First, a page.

There was no shortcut back to Dale or stretching on the beach for me though. I climbed back up onto the clifftop and continued on my way for more of the same. The path continued to hug the coastline, sometimes in an evil fashion whilst there were obvious shortcuts to cut off the corners. I stuck to the actual Coast Path taking the long route and dropping down into small valleys and short climbs even when there were shorter, flatter routes just a short distance away. I passed what looked like a nice holiday cottage painted pink.
I rounded Dale Airfield and then the vast swathe of sand at Marloes Bay spread out before me.
The path took me along the top of the cliffs, twisting and turning and rising and falling as it went with the distinctive outline of Gateholm Island getting ever closer. Gateholm Island is a tidal island, only cut off at high tide. I could have gone out onto it, but decided against it today. I wasn’t sure what the tide was doing for a start, not to mention the extra distance it would add to my run.
From here it was ever onwards with Skomer Island now dominating the view. Skomer Island is the largest of the Pembrokeshire Islands and a National Nature Reserve important for its seabird colonies. The island has more than 300,000 pairs of Manx Shearwaters, the largest colony in the world and is also home to puffins, guillemots, fulmars, razorbills, kittiwakes and gulls. It’s possible to visit either for the day or for overnight stays in its sustainably run hostel.
I wouldn;t be visiting today and the coast path didn’t even take me out to Wooltack Point and Deer Park. Instead, just for a change, it cut off the corner and took me to the Skomer Island Visitor Centre at Martin’s Haven.
I stopped briefly on the grass before getting there to eat a snack and sit down for two minutes. I even took my shoes off for a minute or two to ease my feet.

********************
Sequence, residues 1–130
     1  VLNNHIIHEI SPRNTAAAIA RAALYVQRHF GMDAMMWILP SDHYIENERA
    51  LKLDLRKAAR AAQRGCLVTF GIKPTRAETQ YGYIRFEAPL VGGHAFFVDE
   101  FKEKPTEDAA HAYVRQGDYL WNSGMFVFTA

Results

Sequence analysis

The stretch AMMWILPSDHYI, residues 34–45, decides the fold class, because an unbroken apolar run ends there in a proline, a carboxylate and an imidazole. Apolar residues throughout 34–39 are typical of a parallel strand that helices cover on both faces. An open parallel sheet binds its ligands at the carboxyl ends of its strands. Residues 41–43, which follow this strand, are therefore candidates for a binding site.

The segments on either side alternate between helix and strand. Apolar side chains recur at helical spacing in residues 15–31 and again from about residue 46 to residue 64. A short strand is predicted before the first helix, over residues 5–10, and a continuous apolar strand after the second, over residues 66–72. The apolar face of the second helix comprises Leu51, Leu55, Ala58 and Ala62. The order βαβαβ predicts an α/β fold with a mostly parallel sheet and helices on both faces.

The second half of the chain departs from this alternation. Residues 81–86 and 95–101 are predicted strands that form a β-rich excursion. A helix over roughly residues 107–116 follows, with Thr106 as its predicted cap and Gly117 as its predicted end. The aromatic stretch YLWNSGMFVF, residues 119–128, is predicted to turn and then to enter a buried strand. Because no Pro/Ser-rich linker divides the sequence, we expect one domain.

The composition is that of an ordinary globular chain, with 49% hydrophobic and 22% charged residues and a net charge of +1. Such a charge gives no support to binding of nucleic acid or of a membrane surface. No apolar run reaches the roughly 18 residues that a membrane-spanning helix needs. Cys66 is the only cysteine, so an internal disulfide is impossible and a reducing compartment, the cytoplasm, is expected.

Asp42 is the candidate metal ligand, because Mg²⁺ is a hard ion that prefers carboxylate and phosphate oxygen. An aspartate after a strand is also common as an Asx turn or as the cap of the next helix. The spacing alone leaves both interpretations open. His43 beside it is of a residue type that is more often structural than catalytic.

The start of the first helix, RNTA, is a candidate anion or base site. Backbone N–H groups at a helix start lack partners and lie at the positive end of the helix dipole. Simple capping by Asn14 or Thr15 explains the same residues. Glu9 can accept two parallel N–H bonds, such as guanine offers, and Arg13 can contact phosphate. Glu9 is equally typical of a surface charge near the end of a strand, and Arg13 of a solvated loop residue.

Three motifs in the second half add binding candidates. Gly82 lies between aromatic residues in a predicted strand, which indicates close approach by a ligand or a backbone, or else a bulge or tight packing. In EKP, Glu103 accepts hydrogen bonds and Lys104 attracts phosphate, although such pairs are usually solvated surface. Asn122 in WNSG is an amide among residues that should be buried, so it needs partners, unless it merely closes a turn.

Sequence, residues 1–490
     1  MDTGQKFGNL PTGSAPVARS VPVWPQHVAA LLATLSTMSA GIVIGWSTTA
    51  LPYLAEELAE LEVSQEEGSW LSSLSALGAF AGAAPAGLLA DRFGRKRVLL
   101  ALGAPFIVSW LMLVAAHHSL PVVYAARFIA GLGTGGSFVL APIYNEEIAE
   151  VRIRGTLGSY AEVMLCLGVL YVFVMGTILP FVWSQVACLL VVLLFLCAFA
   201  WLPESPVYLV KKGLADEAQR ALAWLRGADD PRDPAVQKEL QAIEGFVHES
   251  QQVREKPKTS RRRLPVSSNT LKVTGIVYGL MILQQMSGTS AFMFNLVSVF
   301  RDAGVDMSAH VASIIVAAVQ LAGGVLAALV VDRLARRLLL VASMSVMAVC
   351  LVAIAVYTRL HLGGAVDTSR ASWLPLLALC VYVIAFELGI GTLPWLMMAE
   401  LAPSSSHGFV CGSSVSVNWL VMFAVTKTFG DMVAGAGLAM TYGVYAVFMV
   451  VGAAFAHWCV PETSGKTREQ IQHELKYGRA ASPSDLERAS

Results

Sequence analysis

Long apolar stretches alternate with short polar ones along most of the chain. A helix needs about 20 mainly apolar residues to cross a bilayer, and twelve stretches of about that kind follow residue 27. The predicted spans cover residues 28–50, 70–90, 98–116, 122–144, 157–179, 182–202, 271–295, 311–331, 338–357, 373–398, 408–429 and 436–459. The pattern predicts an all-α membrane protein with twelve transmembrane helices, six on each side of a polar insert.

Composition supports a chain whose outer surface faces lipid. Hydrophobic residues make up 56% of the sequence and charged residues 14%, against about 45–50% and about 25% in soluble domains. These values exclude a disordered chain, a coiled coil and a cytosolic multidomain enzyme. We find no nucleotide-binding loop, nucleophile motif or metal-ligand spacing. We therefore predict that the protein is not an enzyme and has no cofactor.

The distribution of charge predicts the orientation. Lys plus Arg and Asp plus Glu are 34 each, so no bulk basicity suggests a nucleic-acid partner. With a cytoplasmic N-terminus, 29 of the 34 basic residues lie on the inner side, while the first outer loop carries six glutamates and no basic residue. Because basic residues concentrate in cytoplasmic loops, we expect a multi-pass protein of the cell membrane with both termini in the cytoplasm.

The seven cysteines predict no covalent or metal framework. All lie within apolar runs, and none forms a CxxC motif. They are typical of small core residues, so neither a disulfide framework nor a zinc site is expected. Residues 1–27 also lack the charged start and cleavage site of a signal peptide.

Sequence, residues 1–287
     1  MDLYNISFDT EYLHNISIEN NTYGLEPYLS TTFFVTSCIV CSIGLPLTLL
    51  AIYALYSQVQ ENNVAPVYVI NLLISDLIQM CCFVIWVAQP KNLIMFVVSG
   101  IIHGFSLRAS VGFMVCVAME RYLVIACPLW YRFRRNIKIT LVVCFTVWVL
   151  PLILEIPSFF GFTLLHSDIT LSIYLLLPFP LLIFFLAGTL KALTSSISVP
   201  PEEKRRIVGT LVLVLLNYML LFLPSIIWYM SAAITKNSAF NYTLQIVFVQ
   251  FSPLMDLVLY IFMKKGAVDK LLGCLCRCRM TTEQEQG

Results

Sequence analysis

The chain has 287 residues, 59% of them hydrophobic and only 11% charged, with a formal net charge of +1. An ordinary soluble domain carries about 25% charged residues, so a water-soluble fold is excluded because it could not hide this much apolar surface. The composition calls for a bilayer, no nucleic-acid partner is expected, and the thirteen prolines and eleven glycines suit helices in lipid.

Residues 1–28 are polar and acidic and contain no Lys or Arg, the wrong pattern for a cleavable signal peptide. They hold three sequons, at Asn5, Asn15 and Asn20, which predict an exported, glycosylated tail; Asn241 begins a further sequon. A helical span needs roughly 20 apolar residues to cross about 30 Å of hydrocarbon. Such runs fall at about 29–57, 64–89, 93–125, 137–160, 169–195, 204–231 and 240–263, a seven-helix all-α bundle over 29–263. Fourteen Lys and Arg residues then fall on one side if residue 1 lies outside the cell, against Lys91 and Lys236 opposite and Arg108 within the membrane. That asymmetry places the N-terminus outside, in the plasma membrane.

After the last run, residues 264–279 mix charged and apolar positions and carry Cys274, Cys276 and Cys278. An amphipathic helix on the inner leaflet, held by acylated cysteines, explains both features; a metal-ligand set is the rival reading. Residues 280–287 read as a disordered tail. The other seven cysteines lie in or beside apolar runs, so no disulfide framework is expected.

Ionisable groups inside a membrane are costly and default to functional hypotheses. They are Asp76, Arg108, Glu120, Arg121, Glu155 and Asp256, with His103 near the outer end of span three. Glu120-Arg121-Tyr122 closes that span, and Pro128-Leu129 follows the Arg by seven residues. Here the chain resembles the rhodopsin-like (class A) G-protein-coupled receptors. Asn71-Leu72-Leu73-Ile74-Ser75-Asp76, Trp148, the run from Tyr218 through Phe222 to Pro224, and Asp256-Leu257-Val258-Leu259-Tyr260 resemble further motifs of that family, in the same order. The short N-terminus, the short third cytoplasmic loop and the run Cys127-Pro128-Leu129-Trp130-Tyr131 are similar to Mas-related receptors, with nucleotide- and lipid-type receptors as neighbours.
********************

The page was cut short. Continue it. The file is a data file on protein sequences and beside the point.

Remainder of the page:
To Musselwick Bay
Back up and running, I passed the visitor centre and ran down to the small beach and jetty at Martin’s Haven. Here a Morrisons Delivery van was unloading a huge shopping list that was being checked off my Skomer Island Staff and loaded onto a boat. Island supplies for a week or so I guess.
I ran back up onto the clifftop from where I could see a seal in the waters below. The path once more led me along the clifftop with fields to my right as it weaved its way eastwards along the southern edge of St Brides Bay. I stopped to take a photo of the sands at Musselwick Bay but for some reason, it came out a little blurry. Maybe I’d smeared my banana on the lens by mistake!
I was now nearing the end of my run for today, just a short detour off the Coast Path and up a small climb to the road where my car was waiting for me. I changed by the roadside having completed another 12 miles of Coast Path.
Amazingly my knee felt better than when I had started. My feet were a little sore though. All that was left to do now was stop off for a late lunch and drive the 2.5 hours home, not to mention the 128 miles or so of remaining coast path that I need to do to finally close the ring.